For instance, if you want your students to compare and contrast two different characters or events, you could use a paragraph frame similar to the one that follows:

Both ____ and ____ are the same in some ways while also being distinct in other ways. Both of them were . Additionally, both of them are . They are distinct from one another due to _____, but . One more distinction is that . However, .

Recently, I worked with English Language Learners (ELs) using a cause-and-effect paragraph frame. The students were responsible for deducing, based on the signal words, whether they should write a cause or an effect. As a form of scaffolding, we highlighted signal words, but ultimately it was the students’ responsibility to correctly identify the causes and effects of a destroyed house. This paragraph frame offered the necessary assistance to students who were unable to independently compose a cause-and-effect paragraph, allowing those students to effectively communicate both causes and effects.

4. Texts broken up into chunks Reading academic texts can be difficult for English Language Learners (ELs) due to the difficult academic vocabulary, complicated syntax, and density of the text. One tactic is to divide difficult passages into more manageable chunks of shorter sentences.

Choose two or three important vocabulary words for each passage, and provide visual representations of those words’ meanings. Give ELs the opportunity to do a word-for-word translation into their mother tongue if they are unsure of the meaning of the terms. Ask students who are learning English to write a summary of each section of the text using the vocabulary words from that section at the end of each chunk of text. After that, proceed to the following part of the text.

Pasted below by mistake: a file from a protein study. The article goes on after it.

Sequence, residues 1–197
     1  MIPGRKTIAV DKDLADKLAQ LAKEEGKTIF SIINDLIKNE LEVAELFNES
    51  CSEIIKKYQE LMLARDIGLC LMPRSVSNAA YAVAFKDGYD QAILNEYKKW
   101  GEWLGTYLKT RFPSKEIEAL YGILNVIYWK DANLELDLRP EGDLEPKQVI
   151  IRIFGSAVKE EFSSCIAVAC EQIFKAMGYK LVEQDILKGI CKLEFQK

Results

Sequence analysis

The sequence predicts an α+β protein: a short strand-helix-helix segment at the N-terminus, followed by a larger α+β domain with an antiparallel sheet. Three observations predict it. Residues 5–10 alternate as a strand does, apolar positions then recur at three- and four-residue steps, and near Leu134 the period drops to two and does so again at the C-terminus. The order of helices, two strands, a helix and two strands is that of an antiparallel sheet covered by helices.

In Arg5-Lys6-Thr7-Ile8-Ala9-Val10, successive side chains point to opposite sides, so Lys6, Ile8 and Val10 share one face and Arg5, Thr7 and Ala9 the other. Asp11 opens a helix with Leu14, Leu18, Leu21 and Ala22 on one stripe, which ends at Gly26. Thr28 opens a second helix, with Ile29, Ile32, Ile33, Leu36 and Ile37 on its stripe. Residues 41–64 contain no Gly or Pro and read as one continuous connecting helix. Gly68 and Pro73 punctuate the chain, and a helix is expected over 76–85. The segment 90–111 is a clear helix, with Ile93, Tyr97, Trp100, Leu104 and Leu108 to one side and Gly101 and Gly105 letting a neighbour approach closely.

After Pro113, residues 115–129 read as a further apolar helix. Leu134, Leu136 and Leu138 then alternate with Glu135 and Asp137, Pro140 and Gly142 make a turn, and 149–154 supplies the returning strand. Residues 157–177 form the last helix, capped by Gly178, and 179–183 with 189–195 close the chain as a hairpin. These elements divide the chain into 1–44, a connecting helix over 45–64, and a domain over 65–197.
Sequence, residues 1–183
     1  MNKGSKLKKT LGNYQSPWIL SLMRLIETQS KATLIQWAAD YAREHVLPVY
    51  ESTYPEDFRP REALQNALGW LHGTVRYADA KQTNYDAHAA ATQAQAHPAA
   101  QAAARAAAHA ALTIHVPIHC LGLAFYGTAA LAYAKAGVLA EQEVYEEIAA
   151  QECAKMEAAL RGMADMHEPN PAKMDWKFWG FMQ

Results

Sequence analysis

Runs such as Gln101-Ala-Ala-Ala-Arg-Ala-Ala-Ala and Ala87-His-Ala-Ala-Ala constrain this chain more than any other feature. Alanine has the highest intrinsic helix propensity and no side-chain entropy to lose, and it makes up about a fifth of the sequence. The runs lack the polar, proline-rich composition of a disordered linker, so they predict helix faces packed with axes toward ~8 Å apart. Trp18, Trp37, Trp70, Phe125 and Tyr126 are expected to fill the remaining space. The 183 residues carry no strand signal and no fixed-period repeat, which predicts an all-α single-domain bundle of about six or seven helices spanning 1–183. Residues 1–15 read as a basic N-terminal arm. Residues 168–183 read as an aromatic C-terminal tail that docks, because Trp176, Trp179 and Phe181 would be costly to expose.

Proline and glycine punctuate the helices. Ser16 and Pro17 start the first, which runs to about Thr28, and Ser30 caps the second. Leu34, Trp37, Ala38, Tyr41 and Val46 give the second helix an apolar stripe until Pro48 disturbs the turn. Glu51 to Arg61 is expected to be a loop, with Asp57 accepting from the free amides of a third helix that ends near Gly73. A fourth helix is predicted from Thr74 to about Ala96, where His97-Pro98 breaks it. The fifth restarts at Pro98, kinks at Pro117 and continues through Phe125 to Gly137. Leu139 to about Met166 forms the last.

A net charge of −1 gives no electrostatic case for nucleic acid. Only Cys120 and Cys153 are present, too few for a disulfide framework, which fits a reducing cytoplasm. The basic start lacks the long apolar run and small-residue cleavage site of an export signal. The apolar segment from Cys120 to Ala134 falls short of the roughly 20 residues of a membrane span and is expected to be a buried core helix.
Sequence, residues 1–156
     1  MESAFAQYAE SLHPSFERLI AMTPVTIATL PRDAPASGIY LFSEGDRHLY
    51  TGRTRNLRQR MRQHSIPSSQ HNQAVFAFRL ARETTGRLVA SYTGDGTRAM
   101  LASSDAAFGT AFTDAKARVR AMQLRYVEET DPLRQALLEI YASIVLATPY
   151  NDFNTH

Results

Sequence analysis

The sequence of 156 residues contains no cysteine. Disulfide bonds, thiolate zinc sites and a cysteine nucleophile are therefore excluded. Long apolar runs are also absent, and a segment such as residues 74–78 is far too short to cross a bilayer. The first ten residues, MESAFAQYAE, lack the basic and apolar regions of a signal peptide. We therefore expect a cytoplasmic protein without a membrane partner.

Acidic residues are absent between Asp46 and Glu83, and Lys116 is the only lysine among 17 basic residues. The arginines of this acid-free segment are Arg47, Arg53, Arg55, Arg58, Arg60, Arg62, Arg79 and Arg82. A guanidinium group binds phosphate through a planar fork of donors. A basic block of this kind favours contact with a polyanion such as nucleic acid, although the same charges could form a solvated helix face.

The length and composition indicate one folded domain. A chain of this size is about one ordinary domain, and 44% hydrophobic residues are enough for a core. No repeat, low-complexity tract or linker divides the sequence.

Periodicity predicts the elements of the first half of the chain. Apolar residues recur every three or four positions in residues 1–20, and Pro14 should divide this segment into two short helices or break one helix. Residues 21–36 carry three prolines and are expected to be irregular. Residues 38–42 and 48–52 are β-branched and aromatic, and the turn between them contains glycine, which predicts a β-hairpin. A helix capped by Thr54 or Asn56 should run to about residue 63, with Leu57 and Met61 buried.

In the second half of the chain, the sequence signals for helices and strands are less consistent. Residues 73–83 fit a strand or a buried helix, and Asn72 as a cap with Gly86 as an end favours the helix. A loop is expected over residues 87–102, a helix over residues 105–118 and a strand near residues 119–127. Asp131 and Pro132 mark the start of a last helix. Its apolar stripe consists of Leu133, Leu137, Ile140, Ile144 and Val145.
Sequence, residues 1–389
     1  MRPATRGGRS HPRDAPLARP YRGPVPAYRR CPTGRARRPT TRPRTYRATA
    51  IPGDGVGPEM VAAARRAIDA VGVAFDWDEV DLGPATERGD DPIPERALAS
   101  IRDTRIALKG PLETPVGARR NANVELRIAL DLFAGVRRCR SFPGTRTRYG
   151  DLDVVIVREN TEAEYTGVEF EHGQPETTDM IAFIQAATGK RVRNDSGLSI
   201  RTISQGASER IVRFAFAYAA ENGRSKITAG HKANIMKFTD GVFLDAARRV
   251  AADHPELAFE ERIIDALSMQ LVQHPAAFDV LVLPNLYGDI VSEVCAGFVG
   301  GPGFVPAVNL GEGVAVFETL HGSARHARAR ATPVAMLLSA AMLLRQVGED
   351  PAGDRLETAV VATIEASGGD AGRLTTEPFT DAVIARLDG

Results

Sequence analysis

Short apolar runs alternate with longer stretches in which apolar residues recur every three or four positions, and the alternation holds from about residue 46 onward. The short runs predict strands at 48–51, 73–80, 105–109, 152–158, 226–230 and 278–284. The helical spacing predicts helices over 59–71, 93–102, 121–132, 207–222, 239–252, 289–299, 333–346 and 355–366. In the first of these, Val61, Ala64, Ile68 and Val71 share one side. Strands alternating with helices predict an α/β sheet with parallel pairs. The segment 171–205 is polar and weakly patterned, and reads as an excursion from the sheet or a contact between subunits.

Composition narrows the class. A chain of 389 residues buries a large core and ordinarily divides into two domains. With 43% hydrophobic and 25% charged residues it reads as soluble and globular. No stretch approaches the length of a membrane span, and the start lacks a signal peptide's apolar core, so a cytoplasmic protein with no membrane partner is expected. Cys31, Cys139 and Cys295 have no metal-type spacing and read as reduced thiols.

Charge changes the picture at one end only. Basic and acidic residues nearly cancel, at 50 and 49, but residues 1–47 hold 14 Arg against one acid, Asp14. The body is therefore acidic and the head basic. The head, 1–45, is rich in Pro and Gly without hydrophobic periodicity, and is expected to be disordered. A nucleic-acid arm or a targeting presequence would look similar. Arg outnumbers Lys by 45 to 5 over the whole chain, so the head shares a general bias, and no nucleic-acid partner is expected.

High school English learners found Martin Luther King Jr.’s “I Have a Dream” speech difficult to understand when I taught it to them. I divided the speech into five parts, and we spent one period on each part, concentrating on the vocabulary that was used and the message that was conveyed. Every day, we collaborated to identify the most significant quote from the previous section, then rewrote the quote using more accessible language and illustrated it.

After a week, I gave each student a card sort that included our five quotes, five paraphrased quotes, and five images, and I asked them to pair the different components. After that, they were tasked with writing a synopsis of the entire speech. The ELs were able to build their content knowledge more quickly after the longer text was broken up into smaller sections.